Selenium Status and Cardiovascular Risk Profile in Healthy Adult Saudi Males
AbstractThe purpose of this research was to investigate the relationship between selenium levels, thyroid function and other coronary risk factors in 140 Saudi subjects without overt coronary heart disease stratified by age. Demographic data and serum fasting lipid profile, glucose, thyroid function tests, selenium status and dietary intake was assessed. The relationships between selenium status, thyroid function and cardiovascular risk factors were assessed by univariate and multivariate analysis. The results showed that thyroid hormone levels did not differ with age. Erythrocyte glutathione peroxidase (GPx) levels were significantly higher in the youngest vs. oldest tertile (p<0.0001). Selenium and iodine intake did not differ significantly with age tertile, but the average intake for the population sample was below the estimated average requirements for both elements. Serum lipoprotein (a) concentrations correlated with selenium (r = 0.417, p<0.0001) and TSH (r = 0.172, p<0.05). After adjustment for confounding variables; serum fT4 and erythrocytes GPx remained significant determinants of serum TSH levels, whilst serum selenium and TSH were determinants of serum fT4 levels. Serum Lp(a), a coronary risk factor, was strongly related to measures of selenium status. A significant relationship between measures of selenium status and thyroid function was found. Serum Lp(a) a known risk factor for cardiovascular disease was also related to selenium status in our population. View Full-Text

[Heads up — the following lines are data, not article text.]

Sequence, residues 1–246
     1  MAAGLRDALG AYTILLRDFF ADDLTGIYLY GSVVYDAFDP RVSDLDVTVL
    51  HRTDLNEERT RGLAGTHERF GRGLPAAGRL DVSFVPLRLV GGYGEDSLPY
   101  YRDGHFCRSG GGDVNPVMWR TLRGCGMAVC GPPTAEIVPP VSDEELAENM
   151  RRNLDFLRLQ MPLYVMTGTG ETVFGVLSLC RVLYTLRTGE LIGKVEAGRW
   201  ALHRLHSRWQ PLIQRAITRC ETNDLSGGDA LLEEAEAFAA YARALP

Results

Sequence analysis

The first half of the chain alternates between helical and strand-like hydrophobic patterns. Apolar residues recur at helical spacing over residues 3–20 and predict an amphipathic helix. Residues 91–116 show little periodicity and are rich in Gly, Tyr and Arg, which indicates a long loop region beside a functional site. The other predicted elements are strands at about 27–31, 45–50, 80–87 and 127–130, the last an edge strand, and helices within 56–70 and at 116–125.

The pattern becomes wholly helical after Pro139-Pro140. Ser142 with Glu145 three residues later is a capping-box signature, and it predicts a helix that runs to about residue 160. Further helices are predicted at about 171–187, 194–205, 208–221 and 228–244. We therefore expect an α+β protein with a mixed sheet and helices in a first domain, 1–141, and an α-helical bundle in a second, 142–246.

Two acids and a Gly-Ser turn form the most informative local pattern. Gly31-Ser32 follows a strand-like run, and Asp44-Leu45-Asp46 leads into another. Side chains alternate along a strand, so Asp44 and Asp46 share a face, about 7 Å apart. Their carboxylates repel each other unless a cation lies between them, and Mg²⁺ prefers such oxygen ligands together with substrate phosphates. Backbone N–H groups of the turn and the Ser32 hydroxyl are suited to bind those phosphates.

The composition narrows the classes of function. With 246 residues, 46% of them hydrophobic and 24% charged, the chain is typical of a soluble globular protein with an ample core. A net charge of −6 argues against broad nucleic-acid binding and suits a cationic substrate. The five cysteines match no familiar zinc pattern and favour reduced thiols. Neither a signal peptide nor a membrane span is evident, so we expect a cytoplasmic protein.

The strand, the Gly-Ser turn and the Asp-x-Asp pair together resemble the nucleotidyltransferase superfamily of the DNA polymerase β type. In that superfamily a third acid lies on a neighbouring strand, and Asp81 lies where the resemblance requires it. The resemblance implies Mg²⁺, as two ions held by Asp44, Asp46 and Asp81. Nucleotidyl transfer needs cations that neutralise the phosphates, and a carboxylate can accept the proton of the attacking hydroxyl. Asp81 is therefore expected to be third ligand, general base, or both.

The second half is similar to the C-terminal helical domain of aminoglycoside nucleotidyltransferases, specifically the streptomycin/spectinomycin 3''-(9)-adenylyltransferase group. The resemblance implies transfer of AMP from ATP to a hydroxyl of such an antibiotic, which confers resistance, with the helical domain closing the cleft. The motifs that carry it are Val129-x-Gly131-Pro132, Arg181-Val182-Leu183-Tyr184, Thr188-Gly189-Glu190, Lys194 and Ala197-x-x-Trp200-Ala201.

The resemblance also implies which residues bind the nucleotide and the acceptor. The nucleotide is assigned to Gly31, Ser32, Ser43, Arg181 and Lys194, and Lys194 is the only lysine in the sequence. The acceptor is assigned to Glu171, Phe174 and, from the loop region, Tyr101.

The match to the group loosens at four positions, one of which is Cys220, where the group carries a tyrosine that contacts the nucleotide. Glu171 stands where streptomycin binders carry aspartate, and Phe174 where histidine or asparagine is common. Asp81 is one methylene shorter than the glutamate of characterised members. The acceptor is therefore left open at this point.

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Alissa, E.M.; Ahmed, W.H.; Al-ama, N.; Ferns, G.A.A. Selenium Status and Cardiovascular Risk Profile in Healthy Adult Saudi Males. Molecules 2009, 14, 141-159.
Alissa EM, Ahmed WH, Al-ama N, Ferns GAA. Selenium Status and Cardiovascular Risk Profile in Healthy Adult Saudi Males. Molecules. 2009; 14(1):141-159.Chicago/Turabian Style
Alissa, Eman M.; Ahmed, Waqar H.; Al-ama, Nabeel; Ferns, Gordon A.A. 2009. "Selenium Status and Cardiovascular Risk Profile in Healthy Adult Saudi Males." Molecules 14, no. 1: 141-159.